Cisco chairman challenges Israel's NASDAQ community

"We're deeply committed to Israel and intend to expand."

cisco chambers 88 (photo credit: )
cisco chambers 88
(photo credit: )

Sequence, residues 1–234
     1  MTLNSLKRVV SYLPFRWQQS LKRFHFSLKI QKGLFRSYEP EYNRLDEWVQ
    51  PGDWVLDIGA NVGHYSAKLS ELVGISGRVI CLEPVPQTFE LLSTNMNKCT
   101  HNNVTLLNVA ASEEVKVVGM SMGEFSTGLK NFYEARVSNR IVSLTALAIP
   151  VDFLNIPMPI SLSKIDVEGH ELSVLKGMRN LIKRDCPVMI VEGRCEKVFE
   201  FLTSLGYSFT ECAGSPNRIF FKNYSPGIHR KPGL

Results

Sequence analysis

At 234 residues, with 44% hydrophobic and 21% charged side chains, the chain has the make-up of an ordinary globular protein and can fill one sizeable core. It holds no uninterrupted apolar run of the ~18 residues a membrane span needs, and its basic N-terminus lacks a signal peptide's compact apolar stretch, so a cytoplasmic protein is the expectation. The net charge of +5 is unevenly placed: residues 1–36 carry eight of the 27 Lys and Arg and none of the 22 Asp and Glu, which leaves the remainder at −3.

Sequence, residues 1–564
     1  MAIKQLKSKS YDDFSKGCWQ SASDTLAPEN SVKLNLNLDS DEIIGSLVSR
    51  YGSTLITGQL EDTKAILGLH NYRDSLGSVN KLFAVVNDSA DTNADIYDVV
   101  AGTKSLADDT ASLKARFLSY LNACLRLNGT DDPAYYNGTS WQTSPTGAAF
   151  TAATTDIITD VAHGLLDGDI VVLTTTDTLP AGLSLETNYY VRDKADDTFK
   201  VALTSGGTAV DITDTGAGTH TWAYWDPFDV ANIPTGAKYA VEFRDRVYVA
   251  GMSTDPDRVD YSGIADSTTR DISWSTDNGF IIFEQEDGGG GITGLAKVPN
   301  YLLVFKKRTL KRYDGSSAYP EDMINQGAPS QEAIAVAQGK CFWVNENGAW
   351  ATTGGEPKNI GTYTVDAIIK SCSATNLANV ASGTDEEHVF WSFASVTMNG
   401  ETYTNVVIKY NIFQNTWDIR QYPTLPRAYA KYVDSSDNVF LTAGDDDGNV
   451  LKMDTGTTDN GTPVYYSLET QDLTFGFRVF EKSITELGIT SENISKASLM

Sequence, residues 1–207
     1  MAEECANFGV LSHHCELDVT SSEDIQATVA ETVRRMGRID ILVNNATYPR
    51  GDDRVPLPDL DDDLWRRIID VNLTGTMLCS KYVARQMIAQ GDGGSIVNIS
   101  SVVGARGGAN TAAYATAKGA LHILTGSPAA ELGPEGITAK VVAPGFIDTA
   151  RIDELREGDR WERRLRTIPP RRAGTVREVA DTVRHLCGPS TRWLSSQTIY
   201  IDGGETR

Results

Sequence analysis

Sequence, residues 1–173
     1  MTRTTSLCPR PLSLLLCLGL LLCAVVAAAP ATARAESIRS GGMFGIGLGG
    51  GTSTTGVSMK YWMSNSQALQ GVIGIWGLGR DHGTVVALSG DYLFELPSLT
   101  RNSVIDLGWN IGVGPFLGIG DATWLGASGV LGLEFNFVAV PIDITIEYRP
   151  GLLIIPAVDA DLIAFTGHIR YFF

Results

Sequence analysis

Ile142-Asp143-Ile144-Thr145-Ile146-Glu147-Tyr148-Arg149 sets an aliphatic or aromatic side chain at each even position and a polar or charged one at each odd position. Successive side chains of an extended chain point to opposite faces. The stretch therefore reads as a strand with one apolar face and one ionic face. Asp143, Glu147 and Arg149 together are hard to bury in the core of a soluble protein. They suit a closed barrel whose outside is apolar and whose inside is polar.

The combined worth of the 20-plus people gathered around the long table at Beit Hanassi in Jerusalem Monday evening was in the billions - maybe even in the trillions, depending on the currency employed to do the counting. Venture capitalists, they refer to themselves as Israel's NASDAQ community. The host was President Shimon Peres, and the occasion was a gourmet dinner in honor of John Chambers, the chairman and CEO of Cisco Systems, the American computer networks giant and a pioneer of Web 2.0 (interactive) technologies. It was Chambers's first visit to Israel, although he's no stranger to Israeli technology. Cisco has chalked up nine Israeli hi-tech acquisitions, and is aiming for more. "We're deeply committed to Israel and intend to expand," Chambers said several times. Very early in the day, he and Peres visited Nazareth to launch a virtual Mediterranean Community through the Mediterranean Youth Technology Club, and a second project, Digital Cities, that helps connect the Arab community of Nazareth, the Jewish community of Upper Nazareth and the rest of Israel. Residents of both cities can also participate in video conferences and seminars taking place in the Central region, and consult with doctors at Tel Aviv's Sourasky Medical Center (better known as Ichilov Hospital) without leaving home. Chambers is a strong advocate of corporate social responsibility. He said this worked best when several companies cooperated with each other and with the community. Chambers said he appreciated the opportunity to meet the leaders of Israel's VC and hi-tech communities, and observed that in the brief period since his arrival, he'd seen that Israelis were capable of dealing with tough issues, and that their enormous candor had surprised him. Banking on that candor, he asked those around the table where Israel was successful, where it had failed, and why. He was told about Israeli flexibility, innovation, technology, and engineering capability. Some people expressed pride that major American hi-tech concerns had created R&D centers of excellence in Israel, while others said Israel had been exploited as an oasis of cheap engineering, and that the country had the talent, know-how and capacity to enable local companies to go global without being incorporated into a foreign enterprise. It was suggested that if Cisco wanted to broaden its base in Israel, it should focus on homeland security due to Israel's enormous expertise in the area. Chambers was also told that while China had far greater manpower, the choice for investment was Israel because while the Chinese could copy anything, innovation was Israel's strong point. That appealed to Chambers, who said, "Venture capital is not about money, it's about expertise." He also said that acquiring companies was about retention, about keeping engineers and top management. Peres made a plea for those sectors of society that had high unemployment: haredim, Arabs and young people, all of whom he said suffered from discrimination in the labor market. "We have been unfair to them," he said. One of his guests who is involved in several social responsibility projects both in the Arab and the Jewish communities, said the Arab problem was difficult to solve. A very large proportion of Israeli Arabs were undereducated, he said, and when the best and the brightest opted to go into hi-tech - unlike in medicine - they are turned away with the excuse that they don't have enough experience. It's a catch-22 situation, he said. If they don't have experience, they can't get jobs; and if they don't have jobs, they can't gain experience. Another guest, while expressing willingness to employ Arabs and people from other high unemployment sectors, stipulated that jobs would be allocated based on merit and not affirmative action. Peres reiterated his peace valley vision of turning 520 km. of border area between Israel, Jordan and a future Palestinian state into a powerhouse of economic cooperation, seized the chance to do so yet again. Now he looking for pledges of large-scale financial involvement, and wants to have it up and running within three months. "In 10 years time," he said, "it may revolutionize the whole set-up. I believe it can be done." "Don't forget that peace is a product" that results from hi-tech, universal, global and individual collaboration, Peres said.